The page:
comeing here was a waiste of time, you owe me 5 minutes. (dont bother i would only waste it on toys) :)
    • NON news

      I sense that you don't appreciate the import of companies like Nortel and others in that industry. A short bit of research on Nortel might be quite an eye opener for you.
      Or maybe it's just sour grapes, I don't know. You're certainly welcome to your own opinions. I just wanted to say I disagreed.
  • Great Story

    AT&T is the devil incarnate.
  • RE: Open source lessons in the Nortel bankruptcy

    Unfortunately Nortel had ignored the lessons learned by Hauwei and companies like Google, Oracle, IBM and others who clearly understood the great advantages and benefits of employing superior "Open Source" technologies as critical tools in their portfolios, particularly in Networking/communications.

    Instead, Nortel chose to become a "puppet" of Microsoft by
    deploying their products "only" - in an industry that is almost entirely based on Open Standards" - for which most of the better solutions are based on Open Source. Microsoft is not a
    significant force in this arena.

    They deserve no special consideration for poor judgment.
    • Open Source Lessons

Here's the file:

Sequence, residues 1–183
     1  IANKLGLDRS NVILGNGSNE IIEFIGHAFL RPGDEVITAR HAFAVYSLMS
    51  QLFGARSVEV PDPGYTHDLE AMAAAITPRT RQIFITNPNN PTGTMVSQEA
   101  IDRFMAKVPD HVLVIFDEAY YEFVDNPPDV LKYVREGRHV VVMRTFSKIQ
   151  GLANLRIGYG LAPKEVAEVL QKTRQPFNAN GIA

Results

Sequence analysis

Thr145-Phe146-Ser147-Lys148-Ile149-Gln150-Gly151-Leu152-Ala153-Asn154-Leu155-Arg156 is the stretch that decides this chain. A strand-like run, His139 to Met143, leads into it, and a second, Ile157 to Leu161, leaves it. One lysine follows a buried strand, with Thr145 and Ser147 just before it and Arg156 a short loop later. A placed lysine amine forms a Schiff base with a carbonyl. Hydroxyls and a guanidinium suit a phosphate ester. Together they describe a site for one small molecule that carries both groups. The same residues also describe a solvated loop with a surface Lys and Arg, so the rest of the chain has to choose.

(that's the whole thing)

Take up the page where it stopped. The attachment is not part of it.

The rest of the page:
I have to agree with wanderson. Nortel and several others were built on governemnt funds, not their own expertise, and when that support was pulled, money became tighter, financial reports became real again, and the truth of their many mistakes became clearer to many. But, they were leaders for a long time as long as they had the support. A few decades ago, Canada was THE place to start a new company, especially if you know how to wrangle an MP or two. They tried hard to consolidate and downsize, but it was just too late and their sins became public.
  • RE: Open source lessons in the Nortel bankruptcy

    As someone rather close to the story (15-yr ex-Nortel employee), there is also a business lesson.

    When the Sales/Marketing teams discover that the
    route to fame-&-fortune is in order BOOKING - not
    actually delivering product - run, RUN away.